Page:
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Moroccan rapper Mouad Belghouat, jailed in July for defaming the police, has begun a hunger strike in protest at the conditions of his detention, several friends said on Monday in claims denied by the prison.
"He decided to begin a hunger strike on Monday after a series of provocations and in the absence of a response to his demands to meet the prison director as well as a doctor, as he feels physically weak," Maria Karim, a close friend and activist with the February 20 protest movement told AFP.
The prison authorities have confiscated all his writings saying that some of them undermine public institutions, but did not elaborate, according to his friends.
Mohamed Bendriss, the director of the prison in Casablanca where Belghouat is being held, categorically denied that he had begun a hunger strike when contacted by AFP.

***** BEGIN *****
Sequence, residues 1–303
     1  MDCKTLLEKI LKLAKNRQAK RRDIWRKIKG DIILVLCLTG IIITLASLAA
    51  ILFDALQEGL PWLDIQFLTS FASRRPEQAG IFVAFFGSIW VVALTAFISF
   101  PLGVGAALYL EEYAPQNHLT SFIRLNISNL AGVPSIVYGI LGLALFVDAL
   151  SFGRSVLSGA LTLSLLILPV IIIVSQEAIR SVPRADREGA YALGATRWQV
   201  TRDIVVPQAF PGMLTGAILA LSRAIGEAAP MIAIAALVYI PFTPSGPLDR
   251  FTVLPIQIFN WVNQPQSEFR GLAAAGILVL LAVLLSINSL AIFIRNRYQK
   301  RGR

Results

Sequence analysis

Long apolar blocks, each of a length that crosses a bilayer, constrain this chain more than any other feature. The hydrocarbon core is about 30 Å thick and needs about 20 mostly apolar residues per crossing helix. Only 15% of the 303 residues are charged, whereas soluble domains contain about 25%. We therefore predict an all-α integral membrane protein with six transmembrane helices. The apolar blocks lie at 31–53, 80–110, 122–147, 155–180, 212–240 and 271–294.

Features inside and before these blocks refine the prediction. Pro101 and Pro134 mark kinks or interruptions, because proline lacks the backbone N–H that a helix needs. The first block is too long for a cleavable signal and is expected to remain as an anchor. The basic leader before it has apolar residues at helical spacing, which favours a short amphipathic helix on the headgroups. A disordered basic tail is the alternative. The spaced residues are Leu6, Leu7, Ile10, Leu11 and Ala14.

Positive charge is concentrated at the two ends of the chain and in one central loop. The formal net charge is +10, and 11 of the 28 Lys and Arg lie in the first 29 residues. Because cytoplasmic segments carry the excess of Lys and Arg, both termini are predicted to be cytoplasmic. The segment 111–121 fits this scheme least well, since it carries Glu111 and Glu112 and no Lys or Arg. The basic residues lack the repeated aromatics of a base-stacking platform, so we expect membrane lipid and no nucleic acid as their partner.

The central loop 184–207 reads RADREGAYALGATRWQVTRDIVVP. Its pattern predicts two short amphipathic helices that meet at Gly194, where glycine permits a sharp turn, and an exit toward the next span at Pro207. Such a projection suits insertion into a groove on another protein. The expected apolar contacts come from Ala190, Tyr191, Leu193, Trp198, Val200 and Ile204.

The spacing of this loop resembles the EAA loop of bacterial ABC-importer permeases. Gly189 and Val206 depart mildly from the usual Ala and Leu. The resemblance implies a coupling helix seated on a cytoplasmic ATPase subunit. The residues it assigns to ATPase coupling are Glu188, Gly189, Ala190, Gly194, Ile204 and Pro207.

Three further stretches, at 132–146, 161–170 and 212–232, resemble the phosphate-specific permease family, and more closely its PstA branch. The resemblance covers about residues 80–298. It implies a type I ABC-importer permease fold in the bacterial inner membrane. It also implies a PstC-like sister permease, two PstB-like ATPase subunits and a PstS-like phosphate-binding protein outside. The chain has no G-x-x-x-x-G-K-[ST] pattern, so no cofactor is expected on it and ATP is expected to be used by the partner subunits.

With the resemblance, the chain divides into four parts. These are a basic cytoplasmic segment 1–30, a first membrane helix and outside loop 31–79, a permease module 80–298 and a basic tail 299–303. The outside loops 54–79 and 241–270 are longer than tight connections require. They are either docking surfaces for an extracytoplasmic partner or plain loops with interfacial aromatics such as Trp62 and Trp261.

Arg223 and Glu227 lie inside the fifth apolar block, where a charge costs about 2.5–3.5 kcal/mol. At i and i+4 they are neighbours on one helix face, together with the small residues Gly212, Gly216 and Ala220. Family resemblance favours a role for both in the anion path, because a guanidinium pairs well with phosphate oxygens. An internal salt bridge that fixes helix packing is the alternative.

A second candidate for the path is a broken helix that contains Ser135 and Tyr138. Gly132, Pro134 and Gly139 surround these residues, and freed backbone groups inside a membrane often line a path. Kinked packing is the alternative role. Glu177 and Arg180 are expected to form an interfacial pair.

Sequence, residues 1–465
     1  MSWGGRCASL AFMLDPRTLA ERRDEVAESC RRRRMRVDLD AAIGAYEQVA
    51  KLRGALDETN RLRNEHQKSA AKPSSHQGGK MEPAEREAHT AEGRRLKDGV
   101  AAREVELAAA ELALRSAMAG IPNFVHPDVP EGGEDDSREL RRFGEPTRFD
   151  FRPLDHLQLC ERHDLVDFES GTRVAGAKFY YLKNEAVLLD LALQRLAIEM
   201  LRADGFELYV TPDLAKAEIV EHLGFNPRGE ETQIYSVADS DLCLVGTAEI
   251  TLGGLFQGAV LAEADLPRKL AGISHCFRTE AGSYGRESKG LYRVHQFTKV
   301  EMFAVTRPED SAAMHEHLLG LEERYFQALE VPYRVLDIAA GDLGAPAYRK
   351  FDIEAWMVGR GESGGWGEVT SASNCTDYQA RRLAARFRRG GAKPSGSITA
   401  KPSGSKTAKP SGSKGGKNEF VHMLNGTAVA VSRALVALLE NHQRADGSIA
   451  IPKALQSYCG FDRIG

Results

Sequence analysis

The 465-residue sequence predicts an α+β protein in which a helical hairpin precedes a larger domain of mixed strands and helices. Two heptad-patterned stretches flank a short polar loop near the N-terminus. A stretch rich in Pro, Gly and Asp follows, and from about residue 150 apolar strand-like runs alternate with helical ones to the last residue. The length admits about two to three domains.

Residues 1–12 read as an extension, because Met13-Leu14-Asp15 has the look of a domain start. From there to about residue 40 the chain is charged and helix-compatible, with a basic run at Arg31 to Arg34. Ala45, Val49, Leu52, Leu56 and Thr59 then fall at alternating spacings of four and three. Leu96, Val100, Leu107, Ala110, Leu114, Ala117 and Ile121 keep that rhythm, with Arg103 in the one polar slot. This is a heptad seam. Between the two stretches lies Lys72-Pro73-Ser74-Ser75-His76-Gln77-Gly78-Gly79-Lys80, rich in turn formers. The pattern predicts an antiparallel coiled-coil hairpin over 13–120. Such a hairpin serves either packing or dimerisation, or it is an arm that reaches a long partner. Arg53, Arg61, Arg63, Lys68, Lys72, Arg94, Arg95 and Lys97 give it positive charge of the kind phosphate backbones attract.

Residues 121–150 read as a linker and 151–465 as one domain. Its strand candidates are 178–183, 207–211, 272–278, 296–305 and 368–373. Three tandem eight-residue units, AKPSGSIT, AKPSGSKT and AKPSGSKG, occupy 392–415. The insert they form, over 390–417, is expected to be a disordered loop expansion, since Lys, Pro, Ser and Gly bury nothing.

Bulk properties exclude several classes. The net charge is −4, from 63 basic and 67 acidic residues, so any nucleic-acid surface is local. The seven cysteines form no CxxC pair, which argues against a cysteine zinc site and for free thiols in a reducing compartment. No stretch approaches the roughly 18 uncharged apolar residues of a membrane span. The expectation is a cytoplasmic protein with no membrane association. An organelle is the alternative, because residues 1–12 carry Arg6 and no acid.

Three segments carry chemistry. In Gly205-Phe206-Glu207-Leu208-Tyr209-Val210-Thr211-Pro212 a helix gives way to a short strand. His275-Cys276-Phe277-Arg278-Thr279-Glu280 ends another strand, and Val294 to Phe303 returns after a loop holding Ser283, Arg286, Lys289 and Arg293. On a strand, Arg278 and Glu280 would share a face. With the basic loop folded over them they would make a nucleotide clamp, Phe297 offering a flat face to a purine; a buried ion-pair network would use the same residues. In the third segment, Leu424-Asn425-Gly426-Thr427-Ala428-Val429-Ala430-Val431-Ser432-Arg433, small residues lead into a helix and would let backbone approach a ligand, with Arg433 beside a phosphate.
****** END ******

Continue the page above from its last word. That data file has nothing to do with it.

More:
Belghouat, who goes by his rapper name Al-Haqed (The Rancorous One), was considered a public face of the February 20 movement that was born in 2011 during the Arab Spring, and which demands sweeping political reforms in Morocco.
He was first convicted in May last year over a song he wrote called "Dogs of the State," which denounced police corruption and was deemed an affront to the entire police service.
The main evidence against the rapper was a YouTube video containing a photo-montage of a policeman whose head had been replaced by that of a donkey.
According to Human Rights Watch, Belghouat denied any connection with the video other than that it was set to his song.
The New York-based rights group said the conviction "shows the gap between the strong free-expression language in Morocco’s 2011 constitution and the continuing intolerance for those who criticise state institutions."
Last month, the musician was awarded a prize for integrity by the watchdog Transparency Morocco, for his "honesty and the justice of his fight for an integrated and transparent society."